Tobacco sales no panacea to forex woes

Eric Chiriga

THE sale of tobacco this season will not help improve the shortage of foreign currency, Finhold says.


“This year

’s crop size of about 100 million kg is unlikely to have much of a positive impact on foreign currency inflows, given the extent of shortages on the foreign currency auction,” Finhold says in its economic update for March.


Traditionally tobacco, the major foreign currency earner in the country, helps to stabilise the Zimbabwe dollar.


In 1996 actual shipments and free funds of tobacco were US$702,1 million, in 2004 they were US$184,6 million and the target for this year is only US$250 million.


Finhold added that pressure for a significant devaluation is mounting given the fact that only 3% of bids on the auction market were successful.The shortage of foreign currency on the auction market has been worsening. In the auction of January 5-17, 867 bids were rejected out of 967 while in the auction of January 6-20, 2 466 bids were rejected out of 2 554.


The average rejection rate rose from 93% in January to 97% in February. The total amount of bids surpassed the US$100 million mark on February 10 and 14 auctions, translating into demand of nine times more than the fixed supply of US$11 million per auction.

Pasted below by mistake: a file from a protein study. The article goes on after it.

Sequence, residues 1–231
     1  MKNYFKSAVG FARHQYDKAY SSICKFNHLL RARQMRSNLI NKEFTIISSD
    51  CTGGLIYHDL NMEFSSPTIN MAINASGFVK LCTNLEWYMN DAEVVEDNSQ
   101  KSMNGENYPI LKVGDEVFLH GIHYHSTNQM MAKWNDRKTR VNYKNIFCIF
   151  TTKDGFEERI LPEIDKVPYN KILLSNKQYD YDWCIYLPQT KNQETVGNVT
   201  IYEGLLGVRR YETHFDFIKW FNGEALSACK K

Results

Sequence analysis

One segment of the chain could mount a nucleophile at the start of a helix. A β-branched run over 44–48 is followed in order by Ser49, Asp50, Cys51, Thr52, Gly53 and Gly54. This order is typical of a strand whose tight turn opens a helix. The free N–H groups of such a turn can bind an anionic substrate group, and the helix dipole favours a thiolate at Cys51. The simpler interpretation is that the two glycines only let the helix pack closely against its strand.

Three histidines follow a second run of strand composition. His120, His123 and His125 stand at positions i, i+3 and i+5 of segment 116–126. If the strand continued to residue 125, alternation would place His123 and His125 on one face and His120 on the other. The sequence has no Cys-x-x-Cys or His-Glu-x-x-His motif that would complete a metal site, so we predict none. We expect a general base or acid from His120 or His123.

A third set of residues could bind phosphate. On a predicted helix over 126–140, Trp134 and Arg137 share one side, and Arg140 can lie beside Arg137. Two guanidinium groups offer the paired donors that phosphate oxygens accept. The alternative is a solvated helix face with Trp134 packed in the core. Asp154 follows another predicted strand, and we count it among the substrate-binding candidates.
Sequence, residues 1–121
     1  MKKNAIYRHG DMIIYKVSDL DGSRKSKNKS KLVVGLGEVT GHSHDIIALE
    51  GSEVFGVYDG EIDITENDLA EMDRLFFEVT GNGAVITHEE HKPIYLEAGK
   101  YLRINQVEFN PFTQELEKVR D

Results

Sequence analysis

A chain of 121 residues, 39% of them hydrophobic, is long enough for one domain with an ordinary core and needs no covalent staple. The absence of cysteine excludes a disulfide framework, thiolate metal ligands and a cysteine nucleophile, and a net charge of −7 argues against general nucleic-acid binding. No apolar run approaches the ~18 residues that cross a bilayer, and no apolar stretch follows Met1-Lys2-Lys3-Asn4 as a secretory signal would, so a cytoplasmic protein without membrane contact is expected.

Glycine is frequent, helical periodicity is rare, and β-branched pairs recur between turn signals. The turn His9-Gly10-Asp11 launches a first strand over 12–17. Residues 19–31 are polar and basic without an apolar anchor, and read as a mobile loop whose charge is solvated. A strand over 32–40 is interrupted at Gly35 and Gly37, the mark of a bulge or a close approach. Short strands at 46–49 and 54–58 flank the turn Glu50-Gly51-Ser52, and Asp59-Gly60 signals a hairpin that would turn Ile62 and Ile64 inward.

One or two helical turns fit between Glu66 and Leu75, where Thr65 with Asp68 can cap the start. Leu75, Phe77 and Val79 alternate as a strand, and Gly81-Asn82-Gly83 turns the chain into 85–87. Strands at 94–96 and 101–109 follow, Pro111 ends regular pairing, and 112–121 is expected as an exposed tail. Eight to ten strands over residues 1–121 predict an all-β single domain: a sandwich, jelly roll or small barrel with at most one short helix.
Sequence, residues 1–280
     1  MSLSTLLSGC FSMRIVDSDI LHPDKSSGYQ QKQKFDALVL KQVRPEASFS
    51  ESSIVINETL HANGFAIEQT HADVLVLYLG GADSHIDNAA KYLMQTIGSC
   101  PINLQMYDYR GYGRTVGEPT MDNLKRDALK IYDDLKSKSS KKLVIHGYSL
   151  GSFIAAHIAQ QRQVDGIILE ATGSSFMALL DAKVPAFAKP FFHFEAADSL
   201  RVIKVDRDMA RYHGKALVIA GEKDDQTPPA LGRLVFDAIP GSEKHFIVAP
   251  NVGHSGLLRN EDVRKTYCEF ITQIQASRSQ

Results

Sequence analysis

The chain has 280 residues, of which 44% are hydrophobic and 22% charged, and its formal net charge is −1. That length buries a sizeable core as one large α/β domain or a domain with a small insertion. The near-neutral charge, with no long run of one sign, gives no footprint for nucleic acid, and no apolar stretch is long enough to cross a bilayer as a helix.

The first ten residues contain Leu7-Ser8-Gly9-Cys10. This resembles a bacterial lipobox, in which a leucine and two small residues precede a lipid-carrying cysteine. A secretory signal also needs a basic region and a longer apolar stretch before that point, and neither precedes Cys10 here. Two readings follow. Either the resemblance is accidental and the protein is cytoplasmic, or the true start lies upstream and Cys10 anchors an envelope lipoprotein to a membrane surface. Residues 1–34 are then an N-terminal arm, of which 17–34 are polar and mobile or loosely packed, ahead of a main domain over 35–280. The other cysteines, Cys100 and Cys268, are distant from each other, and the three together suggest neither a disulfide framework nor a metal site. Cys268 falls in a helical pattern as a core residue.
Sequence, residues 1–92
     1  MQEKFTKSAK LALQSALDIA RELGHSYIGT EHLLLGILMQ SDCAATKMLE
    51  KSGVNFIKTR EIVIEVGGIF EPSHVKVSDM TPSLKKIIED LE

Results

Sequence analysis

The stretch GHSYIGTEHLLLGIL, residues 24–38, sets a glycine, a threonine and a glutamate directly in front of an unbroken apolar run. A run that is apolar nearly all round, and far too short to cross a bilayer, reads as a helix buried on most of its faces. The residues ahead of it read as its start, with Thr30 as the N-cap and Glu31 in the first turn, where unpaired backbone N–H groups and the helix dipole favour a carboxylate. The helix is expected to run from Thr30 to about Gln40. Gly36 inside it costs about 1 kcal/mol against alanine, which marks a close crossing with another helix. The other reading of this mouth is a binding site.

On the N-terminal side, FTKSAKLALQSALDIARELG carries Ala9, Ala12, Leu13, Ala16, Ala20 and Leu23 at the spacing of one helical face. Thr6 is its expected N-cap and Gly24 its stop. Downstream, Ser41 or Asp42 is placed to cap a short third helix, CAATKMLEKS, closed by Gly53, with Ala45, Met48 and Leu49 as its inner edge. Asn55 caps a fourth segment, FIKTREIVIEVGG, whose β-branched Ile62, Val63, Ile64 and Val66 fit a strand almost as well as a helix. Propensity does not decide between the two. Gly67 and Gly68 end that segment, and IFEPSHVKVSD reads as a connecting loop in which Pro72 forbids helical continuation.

Due to the continued excess demand of foreign currency over supply, the Zimbabwe dollar depreciated further against major currencies on the foreign currency auction market during the month of February.


“The Zimbabwe dollar fell by 6%, 5%, 5% and 3% on the month against the South African rand, Botswana pula, euro and the British pound, respectively. It also fell by 1% against both the Japanese yen and the US dollar,” Finhold said.


The financial institution said money market liquidity conditions eased temporarily during the first two weeks of February, with shortages improving from $316 billion on February 1 to $9,5 billion on February 11.


This was mainly due to an injection of about $1,1 trillion in the form of Treasury Bill maturities and government deposits of civil servants’ salaries around February 10.


A further injection of more than $1,1 trillion in the form of more Treasury Bill maturities between February 14 and 28 failed to neutralise withdrawals from the market arising from corporate tax payments.

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